The Finnish government of Prime Minister Juha Sipilä must be one of the few if not the only one in the world that is still pondering whether immigration is good or bad for the country. Even if the new government decided to carry out such an assessment by an independent body, thanks to pressure by the Perussuomalaiset (PS)*, it’s universally accepted by economists that immigration is good for the host country.
But plans to carry out such an assessment not only shows the xenophobic mindset of the PS but the shameful lack of leadership of the country’s two major parties in government, the Center Party and National Coalition Party (NCP).
A recent study by the OECD showed that immigration boosted the Finnish economy by 0.16% in 2011 including pensions.
This story by YLE was a good example of questionable journalism in Finland. Find out why here.
Such plans to commission such an assessment are also a direct insult to all migrants and minorities living in this country.
The only party that has criticized the assessment on the cost of immigration is the Swedish People’s Party. Its chairman Carl Haglund said Saturday that “it remains a mystery how we’ll succeed at luring people to move to our country when Sipilä and his buddies are standing at the border labeling [newcomers] on the forehead with a price tag.”
Not only is the government unsure whether immigration is good or bad for Finland, immigration affairs are handled today by PS Minister of Justice and Employment Jari Lindström, who is a former paper mill worker and lab assistant.
Do you believe that the plight of migrants living in Finland will improve with Lindström? Do you believe that Lindström has the political will to challenge discrimination and structural racism in this country?
If you do then you know something that a lot of us don’t know.
The assessment by the government has its roots with the PS. In an attempt to lure voters before the April elections, the populist conservative party’s message turned into a hostile campaign against immigrants and minorities. Two weeks before the elections the results of a questionable “study” by PS thinktank Suomen Perusta was published claiming that the benefits of immigration are mixed since it costs Finland 700 million euros a year.
Following the PS narrative, the “study” by the anti-immigration party painted everyone who wasn’t born in Finland with a single brush by grouping them as immigrants irrespective if the person is a white German or a refugee from Somalia. The 75-page report only mentions the term refugee once.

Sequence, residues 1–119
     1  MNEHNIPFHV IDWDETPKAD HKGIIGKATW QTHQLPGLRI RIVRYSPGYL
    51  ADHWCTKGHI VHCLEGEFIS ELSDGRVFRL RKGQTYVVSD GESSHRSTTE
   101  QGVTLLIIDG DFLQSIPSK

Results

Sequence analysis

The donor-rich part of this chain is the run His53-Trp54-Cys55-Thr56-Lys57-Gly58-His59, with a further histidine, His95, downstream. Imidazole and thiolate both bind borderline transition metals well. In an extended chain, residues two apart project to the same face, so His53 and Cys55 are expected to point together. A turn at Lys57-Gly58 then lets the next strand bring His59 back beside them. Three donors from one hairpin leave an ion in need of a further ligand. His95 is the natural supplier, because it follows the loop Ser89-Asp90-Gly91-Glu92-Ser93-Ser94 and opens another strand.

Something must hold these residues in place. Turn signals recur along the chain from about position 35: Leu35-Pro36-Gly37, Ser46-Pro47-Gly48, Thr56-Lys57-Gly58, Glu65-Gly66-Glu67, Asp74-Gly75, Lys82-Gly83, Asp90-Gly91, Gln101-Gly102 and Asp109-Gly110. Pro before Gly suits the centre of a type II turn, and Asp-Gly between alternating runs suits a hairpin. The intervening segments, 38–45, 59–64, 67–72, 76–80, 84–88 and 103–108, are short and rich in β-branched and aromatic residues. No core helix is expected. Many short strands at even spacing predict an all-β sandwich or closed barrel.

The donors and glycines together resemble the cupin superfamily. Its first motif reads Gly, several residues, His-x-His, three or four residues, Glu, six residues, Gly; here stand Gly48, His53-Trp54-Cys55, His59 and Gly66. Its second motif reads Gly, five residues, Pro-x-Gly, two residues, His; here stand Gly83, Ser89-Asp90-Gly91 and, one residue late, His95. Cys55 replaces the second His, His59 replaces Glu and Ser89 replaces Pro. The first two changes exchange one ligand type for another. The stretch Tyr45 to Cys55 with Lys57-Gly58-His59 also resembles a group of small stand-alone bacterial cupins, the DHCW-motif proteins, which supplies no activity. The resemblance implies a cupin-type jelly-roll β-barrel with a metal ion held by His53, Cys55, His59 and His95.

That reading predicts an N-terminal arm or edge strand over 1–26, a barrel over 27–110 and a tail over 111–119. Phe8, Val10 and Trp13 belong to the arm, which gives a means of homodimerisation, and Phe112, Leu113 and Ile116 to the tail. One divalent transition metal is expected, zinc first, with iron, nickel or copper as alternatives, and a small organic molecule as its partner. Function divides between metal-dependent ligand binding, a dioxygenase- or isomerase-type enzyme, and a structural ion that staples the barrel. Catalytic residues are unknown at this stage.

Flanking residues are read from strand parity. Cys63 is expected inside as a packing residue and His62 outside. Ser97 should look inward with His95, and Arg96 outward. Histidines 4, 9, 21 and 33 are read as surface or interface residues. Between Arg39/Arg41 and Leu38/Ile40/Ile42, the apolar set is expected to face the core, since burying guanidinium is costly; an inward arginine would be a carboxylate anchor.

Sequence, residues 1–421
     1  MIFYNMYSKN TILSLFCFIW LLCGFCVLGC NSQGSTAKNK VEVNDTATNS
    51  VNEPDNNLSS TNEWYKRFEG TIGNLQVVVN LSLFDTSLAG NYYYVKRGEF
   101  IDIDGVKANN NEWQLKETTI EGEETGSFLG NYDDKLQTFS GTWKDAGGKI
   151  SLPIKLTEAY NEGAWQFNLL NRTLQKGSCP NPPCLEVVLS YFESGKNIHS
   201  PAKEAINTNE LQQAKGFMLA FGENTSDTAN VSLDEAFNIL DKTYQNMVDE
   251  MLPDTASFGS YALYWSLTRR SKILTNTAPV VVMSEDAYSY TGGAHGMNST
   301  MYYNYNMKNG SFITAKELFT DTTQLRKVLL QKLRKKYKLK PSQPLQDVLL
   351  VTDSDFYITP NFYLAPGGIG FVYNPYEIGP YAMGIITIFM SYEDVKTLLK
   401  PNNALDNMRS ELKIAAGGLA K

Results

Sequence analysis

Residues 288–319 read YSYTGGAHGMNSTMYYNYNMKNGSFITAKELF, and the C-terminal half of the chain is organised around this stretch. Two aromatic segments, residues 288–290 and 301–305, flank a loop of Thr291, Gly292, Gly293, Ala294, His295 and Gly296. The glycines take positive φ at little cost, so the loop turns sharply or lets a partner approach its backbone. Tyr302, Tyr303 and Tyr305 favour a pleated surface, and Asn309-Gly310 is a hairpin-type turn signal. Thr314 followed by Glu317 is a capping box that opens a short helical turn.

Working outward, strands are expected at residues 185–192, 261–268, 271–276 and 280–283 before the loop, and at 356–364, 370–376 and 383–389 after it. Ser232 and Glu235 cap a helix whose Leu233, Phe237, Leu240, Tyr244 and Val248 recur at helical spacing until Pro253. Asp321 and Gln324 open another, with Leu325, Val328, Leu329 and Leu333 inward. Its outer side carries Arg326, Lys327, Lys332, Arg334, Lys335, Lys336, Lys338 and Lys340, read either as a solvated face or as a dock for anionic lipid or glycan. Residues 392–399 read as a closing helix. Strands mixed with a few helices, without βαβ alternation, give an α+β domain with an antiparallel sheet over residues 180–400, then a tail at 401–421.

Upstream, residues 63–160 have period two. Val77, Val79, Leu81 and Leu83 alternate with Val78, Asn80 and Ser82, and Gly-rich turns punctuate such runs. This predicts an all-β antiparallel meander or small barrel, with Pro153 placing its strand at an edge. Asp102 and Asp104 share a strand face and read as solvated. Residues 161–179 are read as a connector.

Why the PS “study” only uses the term refugee once in the report reflects the party’s view and their suspicion that most of them are so-called “welfare shoppers.”
While it’s clear that this PS has lured many voters thanks to its xenophobic message, equally shameful is the silence by playing along with it.
By playing along with this political prank by the PS, the Center Party and NCP reveal their own anti-immigration and especially anti-cultural diversity stances.
I don’t want empty statements by the government like “racism won’t be tolerated.” They are empty words that have no meaning, especially in this xenophobic environment. Talk is cheap. What such affirmations tell us in fact is that the government is not going to challenge racism but continue to give you the impression that they will.
In order to save the government money, since it is going to make hefty cutbacks that will hurt migrants and poor Finns like single mothers the most, I have a recommendation: Don’t carry out the assessment. Take my word and that of the vast majority of economists who near-universally agree that immigration is good for the host country.
But by embarking on such a questionable assessment you will only continue to maintain an atmosphere of suspicion and fuel xenophobia in Finland, which will benefit the PS politically. The impact of such a stance will not only scare people away from this country but discourage new skilled immigrants and expats from moving here.
In four years time don’t be surprised if xenophobia has strengthened its stranglehold on Finland and that we’ve become impoverished as a result.
* The Finnish name for the Finns Party is the Perussuomalaiset (PS). The English-language names adopted by the PS, like True Finns or Finns Party, promote in our opinion nativist nationalism and xenophobia. We therefore prefer to use the Finnish name of the party on our postings.